SEPA launch consultation on review of areas most at risk of flooding across Scotland

The designation of Potential Vulnerable Areas (PVAs) is a SEPA science and evidence-led process and feedback from public partners and local communities is key to making sure all relevant impacts are taken into consideration.

Your views and the views of your community on the proposed PVAs will inform essential future flood risk management work so we can improve flooding resilience together and best prepare for a changing climate.

You can help with this SEPA consultation by sharing this message and our asset below, and available through this link, on your social media and with local community/interest groups.

PVAs are areas where significant flood risk exists now or is likely to occur in the future and are used to identify locations where a partnership approach may be required to resolve widespread and often complex flooding issues.

They inform Scotland’s Flood Risk Management (FRM) Plans and Local Flood Risk Management Plans and become the focus of FRM actions, helping responsible authorities to prioritise investment and coordinate actions to reduce the impacts of flooding on communities.

Identifying PVAs is an essential part of protecting people, properties, businesses, communities, infrastructure, and our environment, with an estimated 284,000 homes, businesses and services across Scotland currently identified as at risk of flooding.

This winter, SEPA issued a record number of regional Flood Alerts and local Flood Warnings to the public. A total of 720 messages were sent between 1st September 2023 and 16th February 2024. The previous record of 714 was set over autumn and winter 2015/16.

Siobhan McNulty, Flood Risk Planning Manager at SEPA, said: “Scotland is witnessing an increasing number of extreme weather events and flooding presents a growing threat to our communities.

“It is vital we work together with partners and communities to identify the areas most at risk so we can work together to increase Scotland’s resilience to flooding. PVAs are the first step in this process.”

Informing Scotland’s flood risk management process

Since PVAs were first identified in 2011, SEPA have worked together with partners including local authorities and Scottish Water to plan and deliver actions to manage flood risk in the places where it is needed most.

Based on the National Flood Risk Assessment, PVAs are updated and published by SEPA every six years as required by the Flood Risk Management (Scotland) Act 2009. The designation of PVAs takes into consideration past, current and future flood risk from rivers, the sea and surface water using recorded events, observations and strategic flood modelling.

SEPA are now consulting on proposed updates to PVAs for 2024. The review will focus on smaller, community-based target areas set within wider zones of influence to provide clearer information on how flood risk is tackled in Scotland.

Once the PVAs are formally designated by Scottish Ministers, SEPA will then prepare FRM plans to set objectives and actions for reducing flood risk. The local FRM plans published by each lead local authority will then provide more detail, including timescales and funding. 

Cabinet Secretary for Wellbeing Economy, Net Zero and Energy Màiri McAllan said: “Managing our exposure to floods and their impacts is a significant and growing challenge as climate change brings more severe and frequent flood events.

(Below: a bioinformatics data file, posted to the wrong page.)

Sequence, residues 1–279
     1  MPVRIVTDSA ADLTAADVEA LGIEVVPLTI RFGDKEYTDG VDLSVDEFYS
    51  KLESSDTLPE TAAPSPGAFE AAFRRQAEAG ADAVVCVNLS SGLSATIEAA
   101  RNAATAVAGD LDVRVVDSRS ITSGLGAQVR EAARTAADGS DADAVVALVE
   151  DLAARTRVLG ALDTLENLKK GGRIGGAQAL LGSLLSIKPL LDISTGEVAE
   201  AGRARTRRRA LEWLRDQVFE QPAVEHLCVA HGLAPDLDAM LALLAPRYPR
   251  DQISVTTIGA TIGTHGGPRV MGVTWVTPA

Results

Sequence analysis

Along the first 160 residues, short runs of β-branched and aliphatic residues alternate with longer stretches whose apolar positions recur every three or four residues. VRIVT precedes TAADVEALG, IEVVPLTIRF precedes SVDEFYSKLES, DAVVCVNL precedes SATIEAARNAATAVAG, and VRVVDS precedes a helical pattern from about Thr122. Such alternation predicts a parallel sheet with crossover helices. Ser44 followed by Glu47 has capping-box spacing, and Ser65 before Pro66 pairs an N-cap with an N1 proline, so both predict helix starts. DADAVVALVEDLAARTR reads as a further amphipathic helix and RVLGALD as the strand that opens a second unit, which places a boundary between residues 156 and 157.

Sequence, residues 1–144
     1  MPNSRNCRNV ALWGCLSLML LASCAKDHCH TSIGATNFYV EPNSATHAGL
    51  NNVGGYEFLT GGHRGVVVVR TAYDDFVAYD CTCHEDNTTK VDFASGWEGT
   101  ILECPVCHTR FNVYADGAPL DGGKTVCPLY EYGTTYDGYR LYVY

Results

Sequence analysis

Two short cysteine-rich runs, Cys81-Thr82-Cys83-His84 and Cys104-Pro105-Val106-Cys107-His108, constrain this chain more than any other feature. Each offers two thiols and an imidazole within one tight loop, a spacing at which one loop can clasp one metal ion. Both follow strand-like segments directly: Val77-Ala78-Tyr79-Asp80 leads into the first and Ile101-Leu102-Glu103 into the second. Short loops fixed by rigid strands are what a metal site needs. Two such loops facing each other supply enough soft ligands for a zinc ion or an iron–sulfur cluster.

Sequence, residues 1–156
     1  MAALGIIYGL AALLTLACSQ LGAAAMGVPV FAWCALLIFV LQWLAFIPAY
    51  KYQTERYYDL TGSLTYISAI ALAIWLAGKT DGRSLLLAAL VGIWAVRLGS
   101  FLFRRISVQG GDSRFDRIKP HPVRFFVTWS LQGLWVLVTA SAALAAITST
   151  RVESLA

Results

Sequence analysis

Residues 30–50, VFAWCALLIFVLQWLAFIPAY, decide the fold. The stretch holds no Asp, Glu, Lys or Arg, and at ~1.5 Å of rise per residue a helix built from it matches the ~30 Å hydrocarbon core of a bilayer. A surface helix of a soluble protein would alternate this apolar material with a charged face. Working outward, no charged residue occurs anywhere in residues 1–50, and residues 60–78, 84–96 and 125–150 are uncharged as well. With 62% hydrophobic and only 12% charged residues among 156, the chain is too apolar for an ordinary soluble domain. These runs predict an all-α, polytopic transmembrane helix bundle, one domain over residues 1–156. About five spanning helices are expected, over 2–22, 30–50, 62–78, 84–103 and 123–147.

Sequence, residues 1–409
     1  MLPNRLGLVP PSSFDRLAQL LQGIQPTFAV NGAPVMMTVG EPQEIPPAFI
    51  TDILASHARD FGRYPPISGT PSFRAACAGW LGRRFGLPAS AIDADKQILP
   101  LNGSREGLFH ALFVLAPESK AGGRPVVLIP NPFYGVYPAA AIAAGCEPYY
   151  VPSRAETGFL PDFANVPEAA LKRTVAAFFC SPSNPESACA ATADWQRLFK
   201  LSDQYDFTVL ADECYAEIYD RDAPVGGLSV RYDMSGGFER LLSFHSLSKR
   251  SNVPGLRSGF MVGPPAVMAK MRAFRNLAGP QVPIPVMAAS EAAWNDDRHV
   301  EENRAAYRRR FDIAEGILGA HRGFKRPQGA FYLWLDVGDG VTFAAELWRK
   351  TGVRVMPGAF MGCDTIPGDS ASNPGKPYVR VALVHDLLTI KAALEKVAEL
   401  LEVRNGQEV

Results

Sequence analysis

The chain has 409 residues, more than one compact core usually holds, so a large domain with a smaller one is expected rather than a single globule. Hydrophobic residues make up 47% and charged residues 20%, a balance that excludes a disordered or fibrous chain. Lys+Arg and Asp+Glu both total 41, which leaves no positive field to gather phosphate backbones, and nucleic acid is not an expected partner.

“Improving resilience to flooding is a priority for the Scottish Government, so I welcome the launch of this consultation and I encourage all parties with a potential interest to engage with it.”

Helping communities at greatest flood risk

One community that has historically suffered from flooding is Stonehaven, which has been designated a PVA since the first cycle in 2011.

Several actions have since been identified and delivered through flood risk management plans developed by SEPA and Aberdeenshire Council, with input from the Stonehaven Flood Action Group and the wider community.

These include the completion of the Stonehaven Flood Protection Scheme which is designed to protect against flooding from the Glaslaw Burn and the River Carron, and benefits around 370 homes and businesses by reducing fluvial flooding. Other actions that have been delivered for Stonehaven are a new coastal flood warning system, updated coastal flood hazard maps and the completion of the Stonehaven Bay coastal flood study.

Cllr Alan Turner, Chair of Aberdeenshire Council’s Infrastructure Services Committee, said: “I was delighted to see the completion of the Stonehaven Flood Protection Scheme. This demonstrates real progress being made to mitigate flooding impacts in the town.

“The scheme was built following consultation and engagement with the residents, businesses, and the Stonehaven Flood Action Group. That entire process started with a PVA assessment, where coordinated actions were established through PVA recommendations.

“A PVA designation is an invaluable aid – firstly in the understanding of potential impacts of flooding and secondly through the implementation of tangible solutions which will provide reassurance to communities.”

Have your say on PVAs

While the designation of PVAs is a science and evidence-led process, feedback from public partners and local communities is key to making sure all relevant impacts are taken into consideration.

Siobhan McNulty said: “Whether you have previously been affected by flooding or have concerns about potential future impacts for your home, business or community, we want to hear from you.

“Your views on the proposed PVAs will inform essential future flood risk management work so we can improve flooding resilience together and best prepare for a changing climate.”

You and your communities can respond to the consultation on PVAs via Citizen Space until 24 June 2024.